June 07, 2010
I often underestimate the power of getting out of the house. I’m less motivated to take my kids out when I am alone for several reasons, not the least of which is that I cannot run in three directions if they all take off on me. This is bound to happen sooner or later, but most of the time they are their own play group. Being naturally more solitary, I’m content to stay home. Working at home gives me balance, besides the ever present opportunity to wipe snot off my shirt and pick up empty bottles. Don’t get me wrong, I take the kids on play dates. And we visit the children’s room at the local library once a week (it is a contained room with toys, books and games). This being my comfort zone, I often forget that it is also a vacuum, where it’s pretty easy to avoid drama and have a peaceful existence, outside of the requisite crying and sibling rivalry.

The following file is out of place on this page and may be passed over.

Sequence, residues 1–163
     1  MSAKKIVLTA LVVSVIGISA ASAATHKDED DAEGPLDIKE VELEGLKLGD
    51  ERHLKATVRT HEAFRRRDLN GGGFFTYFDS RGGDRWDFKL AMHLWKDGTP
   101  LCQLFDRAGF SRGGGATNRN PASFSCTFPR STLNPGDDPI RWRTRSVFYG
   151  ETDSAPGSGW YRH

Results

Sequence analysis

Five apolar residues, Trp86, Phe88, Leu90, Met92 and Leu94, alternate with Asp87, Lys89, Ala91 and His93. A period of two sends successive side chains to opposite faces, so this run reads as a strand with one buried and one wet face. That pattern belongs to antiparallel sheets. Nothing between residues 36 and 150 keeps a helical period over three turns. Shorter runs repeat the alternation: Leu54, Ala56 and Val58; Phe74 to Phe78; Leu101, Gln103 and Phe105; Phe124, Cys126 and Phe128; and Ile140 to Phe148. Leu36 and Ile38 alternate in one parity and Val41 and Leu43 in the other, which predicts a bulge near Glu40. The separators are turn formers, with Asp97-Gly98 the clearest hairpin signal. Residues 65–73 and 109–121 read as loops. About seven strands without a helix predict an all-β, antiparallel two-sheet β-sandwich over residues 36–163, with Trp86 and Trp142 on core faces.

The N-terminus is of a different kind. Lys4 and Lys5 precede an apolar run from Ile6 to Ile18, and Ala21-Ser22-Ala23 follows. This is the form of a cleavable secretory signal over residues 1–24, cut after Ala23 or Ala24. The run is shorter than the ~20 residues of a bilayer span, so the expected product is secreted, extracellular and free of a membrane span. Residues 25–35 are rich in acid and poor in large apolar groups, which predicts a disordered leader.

So when I was offered tickets to a Black Crowes concert, I hesitated. I confess, I actually had to look them up and listen to some samples of their music to see if I recognized any of it. I did, but I still wasn’t sure it was my thing. Since my kids were born, I have struggled to do anything new, opting for things of comfort and security. I decided I would reach out. I invited a new friend I don’t know well, who I would like to know better, and who I knew could also use a night out. She has twin one year old boys and hasn’t lived here for too long, and agreed to join me. We chatted about motherhood and related issues on the drive to the concert, noting that making new friends is sometimes like dating – trying people on to see how they fit. It can be tough to connect with people. At 40-something, I figured the Black Crowes would not really be our thing. But where it got comedic was when the Dolby Surround Sound truck offered us a listen in their rolling theatre. I hadn’t exactly expected that we would end up drinking wine that was chilling in a cooler in the Dolby guy’s car trunk. As I anticipated, the music turned out not to be for either of us. Watching the opening band and the Black Crowes, all old guys with too much beard, flannel shirts and incense floating around made us realize that it was pretty late. We had fun, and it was nice to be out and about. But five a.m. comes all too fast when one and two year olds decide it’s time to start the day. I don’t underestimate the power of a good night’s sleep.